Over the years I’ve learned some hard life lessons. Most notably, Carolyn has told me that I have two major faults: I don’t listen, and then there was, I don’t know, some other thing she was rambling on about. Another important lesson I’ve learned is that the best time to save money is when you have some.
Many Canadians have taken this second lesson to heart and have saved more in RRSPs recently. According to a Statistics Canada report released April 1, Canadians spent less than normal in 2020 because of the pandemic yet had average incomes that were 6 per cent higher than the prior year, partly because of government support programs.
Contributions to RRSPs increased 13.1 per cent in 2020 over the prior year, and the number of contributors increased 4.9 per cent. A total of $50.1-billion was contributed to RRSPs by more than 6.2 million Canadians. The question: What should Canadians do next, now that they’ve given their RRSPs a shot in the arm? Here are some ideas to consider.
1. Revisit your asset allocation. Now is a good time to reconsider what your portfolio looks like. In a landmark paper, researcher Gary Brinson and his colleagues concluded that a portfolio’s asset allocation (the decision to allocate portfolio dollars to specific asset classes, such as cash, stocks and bonds, and more) explained more than 90 per cent of a portfolio’s total return and volatility over time. Specific security selection (say, choosing Coke over Pepsi, for example) and market timing played only minor roles in performance. Do some research or work with a trusted adviser to establish a strategic asset allocation that will result in good returns over time at an appropriate level of risk for you.
2. Make wise use of your refund. If you’ve made larger contributions to your RRSP and expect to receive a refund when you file your tax return this year, what are you going to do with that refund? Consider these priorities, possibly in this order: 1) pay down debt (as interest rates rise this becomes even more valuable); 2) invest some (put more back into an RRSP, TFSA, RESP or non-registered account); 3) give some away (create even more tax savings and make a difference by helping charities); and 4) spend some (go ahead and treat yourself if you’ve looked after other priorities).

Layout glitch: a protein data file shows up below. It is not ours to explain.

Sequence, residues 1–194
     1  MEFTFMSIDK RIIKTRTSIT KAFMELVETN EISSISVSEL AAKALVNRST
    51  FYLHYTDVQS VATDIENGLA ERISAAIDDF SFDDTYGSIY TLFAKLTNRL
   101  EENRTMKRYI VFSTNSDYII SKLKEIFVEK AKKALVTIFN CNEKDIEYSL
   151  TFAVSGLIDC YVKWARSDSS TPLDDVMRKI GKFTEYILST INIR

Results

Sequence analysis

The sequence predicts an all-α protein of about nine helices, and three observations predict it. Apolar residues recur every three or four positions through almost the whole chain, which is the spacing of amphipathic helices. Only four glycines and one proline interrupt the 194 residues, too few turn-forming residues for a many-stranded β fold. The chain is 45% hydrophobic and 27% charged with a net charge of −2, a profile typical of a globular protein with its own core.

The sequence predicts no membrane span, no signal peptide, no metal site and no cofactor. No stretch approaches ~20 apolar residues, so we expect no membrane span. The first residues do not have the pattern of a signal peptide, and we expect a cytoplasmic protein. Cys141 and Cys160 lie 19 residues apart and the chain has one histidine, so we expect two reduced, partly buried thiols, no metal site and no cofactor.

3. Reduce tax deductions at source. If you’ve contributed to your RRSP in 2022, then apply to reduce the tax deducted from your pay at work. This will provide you with more take-home pay throughout the year. Just file form T1213 and provide evidence of your RRSP, charitable donations or other deductions you’ll be claiming. If the Canada Revenue Agency approves your request, you’ll receive a confirmation letter that you can then provide to your employer, who will reduce the taxes deducted from each pay.
4. Use RRSP assets for a home purchase. Given the cost of buying a home today, using RRSP assets might be helpful. You can do this under the Home Buyers’ Plan (HBP). You can withdraw up to $35,000 tax-free from your RRSP to buy or build a home provided that neither you nor your spouse or common-law partner have, in the past five years, owned a home that you lived in. If you and your spouse both make a withdrawal, that would be as much as $70,000 to help with a home purchase. You’ll have to repay the amount withdrawn over 15 years. If you miss a payment in a year, you’ll face tax on the amount. The rules around the HBP are a little complicated, so speak to a tax pro for more details.
5. Use your RRSP to further your education. Similar to the HBP, you can withdraw funds tax-free from your RRSP under the Lifelong Learning Plan (LLP). You can withdraw up to $10,000 per year, or $20,000 in total, to pay for full-time education at a qualifying institution for you or your spouse or common-law partner. You’ll have to repay the amount withdrawn over 10 years, starting five years after the first withdrawal or two years after finishing your studies, whichever comes first.
6. Hold a mortgage in your RRSP. It’s possible to borrow funds from your RRSP if you use Canadian real estate, such as your home, as collateral for the loan. You can use the borrowed funds for any purpose, and if you use them for an income-generating purpose (such as investing in a business or a non-registered investment portfolio), you’ll be able to deduct the interest you pay. The interest charged on the loan (and paid to your RRSP) will have to reflect normal interest rates and terms, and the mortgage will generally have to be insured by the Canada Mortgage and Housing Corp.
Tim Cestnick, FCPA, FCA, CPA(IL), CFP, TEP, is an author and co-founder and CEO of Our Family Office Inc. He can be reached at firstname.lastname@example.org.